He Asked a Simple Question and Look What Happened Next!

Reasonable people know that the asking of a question does not imply knowledge of the answer, which is why Conservative MP Chris Heaton-Harris' question has infuriated so many unreasonable men.

The question came in the form of this letter he sent to all UK universities:


To: the vice-chancellor of the University of ****

Dear [ ],

I was wondering if you would be so kind as to supply me with the names of professors at your establishment who are involved in the teaching of European affairs, with particular reference to Brexit.

Furthermore, if I could be provided with a copy of the syllabus and links to the online lectures which relate to this area I would be much obliged.

I sincerely hope you are able to provide me with such and I look forward to hearing from you in due course.

Yours sincerely, Chris (Heaton-Harris)

So why all the sensitivity: are academics secretly guilty of subverting their students with their own prejudices about Brexit without giving all sides of the argument?

What does this tell us about the state of free speech in our universities and the mindset of young undergraduates, already softened up by years of politically correct brainwashing in schools?

Take Lord Patten of Barnes, chancellor of Oxford University, who described the letter as "absolutely disgraceful" and "offensive and idiotic Leninism".

As mere Chris Patten he was Tory Party Chairman, unexpectedly rejected by the voters from his marginal Bath seat in 1992, only to resurface as the smug, complacent last Governor of Hong Kong from 1992 to 1997, where he eagerly gave away our colony.

I saw that then, and scented treason - and now he has the cheek to talk about Leninism.

The letter by Chris Heaton-Harris was disowned (typically) by the Prime Minister but a fellow Tory MP appeared to endorse it by suggesting that a lecturer had tried to influence students with an anti-Brexit message.

Paul Scully, MP for Sutton & Cheam, tweeted an image [below] of a flyer for a "100 per cent Remain" rally to stop Brexit in Bristol, with the message: "This is what a lecturer was handing out to my daughter who spends £9k pa for him to be teaching engineering, not politics."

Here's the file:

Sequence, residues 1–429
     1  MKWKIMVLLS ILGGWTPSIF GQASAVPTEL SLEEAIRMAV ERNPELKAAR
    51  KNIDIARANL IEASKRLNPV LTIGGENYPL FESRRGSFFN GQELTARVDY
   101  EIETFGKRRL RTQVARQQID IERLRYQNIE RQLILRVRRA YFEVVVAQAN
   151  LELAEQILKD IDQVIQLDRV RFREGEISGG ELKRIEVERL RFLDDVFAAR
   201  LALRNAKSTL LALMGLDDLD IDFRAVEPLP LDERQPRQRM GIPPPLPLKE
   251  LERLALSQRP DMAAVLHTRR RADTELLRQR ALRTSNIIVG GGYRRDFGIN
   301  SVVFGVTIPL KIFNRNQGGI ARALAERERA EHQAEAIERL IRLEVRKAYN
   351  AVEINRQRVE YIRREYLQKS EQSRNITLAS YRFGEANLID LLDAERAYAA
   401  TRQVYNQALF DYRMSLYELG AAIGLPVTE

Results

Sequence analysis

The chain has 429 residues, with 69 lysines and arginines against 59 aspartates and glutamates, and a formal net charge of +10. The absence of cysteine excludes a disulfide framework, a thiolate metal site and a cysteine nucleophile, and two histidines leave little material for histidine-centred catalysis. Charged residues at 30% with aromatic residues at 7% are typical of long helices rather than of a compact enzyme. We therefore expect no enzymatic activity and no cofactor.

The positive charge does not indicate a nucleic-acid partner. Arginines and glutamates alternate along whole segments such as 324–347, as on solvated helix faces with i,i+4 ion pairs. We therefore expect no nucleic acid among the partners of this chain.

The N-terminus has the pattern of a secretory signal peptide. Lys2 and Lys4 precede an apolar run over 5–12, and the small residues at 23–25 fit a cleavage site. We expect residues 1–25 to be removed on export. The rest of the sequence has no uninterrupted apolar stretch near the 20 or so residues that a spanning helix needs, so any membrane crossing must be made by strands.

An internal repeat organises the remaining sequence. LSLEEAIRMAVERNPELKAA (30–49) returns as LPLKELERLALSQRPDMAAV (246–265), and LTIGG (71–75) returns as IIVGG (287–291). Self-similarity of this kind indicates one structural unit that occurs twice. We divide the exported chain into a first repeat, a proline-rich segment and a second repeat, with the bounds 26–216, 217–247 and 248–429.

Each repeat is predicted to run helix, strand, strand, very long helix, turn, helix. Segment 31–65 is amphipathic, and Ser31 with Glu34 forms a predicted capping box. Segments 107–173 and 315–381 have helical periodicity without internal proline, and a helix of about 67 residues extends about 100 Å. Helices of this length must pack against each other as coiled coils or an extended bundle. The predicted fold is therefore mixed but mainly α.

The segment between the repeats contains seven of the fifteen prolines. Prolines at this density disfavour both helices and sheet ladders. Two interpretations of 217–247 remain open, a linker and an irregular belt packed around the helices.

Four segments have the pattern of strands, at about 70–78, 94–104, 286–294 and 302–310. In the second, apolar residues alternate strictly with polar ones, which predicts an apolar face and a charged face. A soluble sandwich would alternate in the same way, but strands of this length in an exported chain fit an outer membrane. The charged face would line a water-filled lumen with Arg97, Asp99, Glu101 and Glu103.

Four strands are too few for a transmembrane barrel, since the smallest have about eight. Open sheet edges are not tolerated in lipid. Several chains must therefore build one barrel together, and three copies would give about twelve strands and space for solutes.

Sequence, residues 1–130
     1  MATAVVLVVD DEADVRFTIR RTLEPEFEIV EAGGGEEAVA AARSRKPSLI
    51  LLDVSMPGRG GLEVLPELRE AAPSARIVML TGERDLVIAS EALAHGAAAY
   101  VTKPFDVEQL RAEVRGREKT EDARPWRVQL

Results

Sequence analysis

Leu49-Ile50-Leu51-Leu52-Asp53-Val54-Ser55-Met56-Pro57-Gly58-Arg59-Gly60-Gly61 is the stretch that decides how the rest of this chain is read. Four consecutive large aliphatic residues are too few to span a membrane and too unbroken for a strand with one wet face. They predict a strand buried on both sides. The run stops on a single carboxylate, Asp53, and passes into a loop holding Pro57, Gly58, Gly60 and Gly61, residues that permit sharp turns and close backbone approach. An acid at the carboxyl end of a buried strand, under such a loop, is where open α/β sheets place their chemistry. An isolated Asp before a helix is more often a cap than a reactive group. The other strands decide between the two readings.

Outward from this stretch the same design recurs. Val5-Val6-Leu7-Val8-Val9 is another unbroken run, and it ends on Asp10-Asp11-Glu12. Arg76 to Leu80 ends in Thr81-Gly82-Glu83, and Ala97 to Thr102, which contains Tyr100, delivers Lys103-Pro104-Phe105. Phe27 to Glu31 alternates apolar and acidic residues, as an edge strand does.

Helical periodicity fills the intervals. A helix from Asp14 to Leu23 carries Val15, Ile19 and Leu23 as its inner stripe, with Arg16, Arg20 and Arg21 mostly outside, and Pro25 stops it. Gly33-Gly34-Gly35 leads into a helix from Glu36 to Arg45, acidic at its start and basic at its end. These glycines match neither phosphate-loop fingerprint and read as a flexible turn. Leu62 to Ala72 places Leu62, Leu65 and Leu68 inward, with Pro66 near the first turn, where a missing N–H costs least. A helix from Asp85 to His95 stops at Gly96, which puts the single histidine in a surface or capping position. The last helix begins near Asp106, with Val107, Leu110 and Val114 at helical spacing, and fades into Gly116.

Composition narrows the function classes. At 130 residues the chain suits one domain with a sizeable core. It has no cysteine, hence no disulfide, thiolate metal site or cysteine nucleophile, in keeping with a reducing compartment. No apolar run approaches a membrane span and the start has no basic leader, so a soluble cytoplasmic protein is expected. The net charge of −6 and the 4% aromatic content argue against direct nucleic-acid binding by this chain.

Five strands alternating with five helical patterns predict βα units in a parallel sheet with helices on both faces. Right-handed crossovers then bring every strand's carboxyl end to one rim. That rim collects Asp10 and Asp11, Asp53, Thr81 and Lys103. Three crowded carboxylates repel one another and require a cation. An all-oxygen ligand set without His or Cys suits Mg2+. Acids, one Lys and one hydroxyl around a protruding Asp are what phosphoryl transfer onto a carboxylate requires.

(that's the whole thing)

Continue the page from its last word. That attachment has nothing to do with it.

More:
In an amazing display of paranoia, Professor David Green, vice-chancellor of Worcester University, said he felt a chill down his spine when he read the "sinister" request. "This letter just asking for information appears so innocent but is really so, so dangerous", he said. "Here is the first step to the thought police, the political censor and newspeak, naturally justified as 'the will of the British people', a phrase to be found on Mr Heaton-Harris's website." Green will be replying to the MP but not providing the information requested.

Prof Kevin Featherstone, head of the European Institute at the LSE, is also outraged: "The letter reflects a past of a McCarthyite nature. It smacks of asking: are you or have you ever been in favour of remain? There is clearly an implied threat that universities will somehow be challenged for their bias."

Do Professors Green, Featherstone or Lord Patten ever speak out publicly about the idiotic and undemocratic "no platform" policies in their universities, the rising student intolerance against so-called "far right" political parties, the promotion of sexual perversions by their students and their demonstrations aimed to remove various "offensive" statues?


According to a YouGov survey commissioned by the University and College Union in January, more than 80 percent of academics voted to remain, and within university departments focusing on European affairs, Brexiters are a rarity.

However, university experts on Brexit insist their personal views do not jaundice their teaching, and students are encouraged to question received assumptions and look at issues from all sides.

From where I'm sitting it looks less like jaundice and more like insanity induced by political correctness.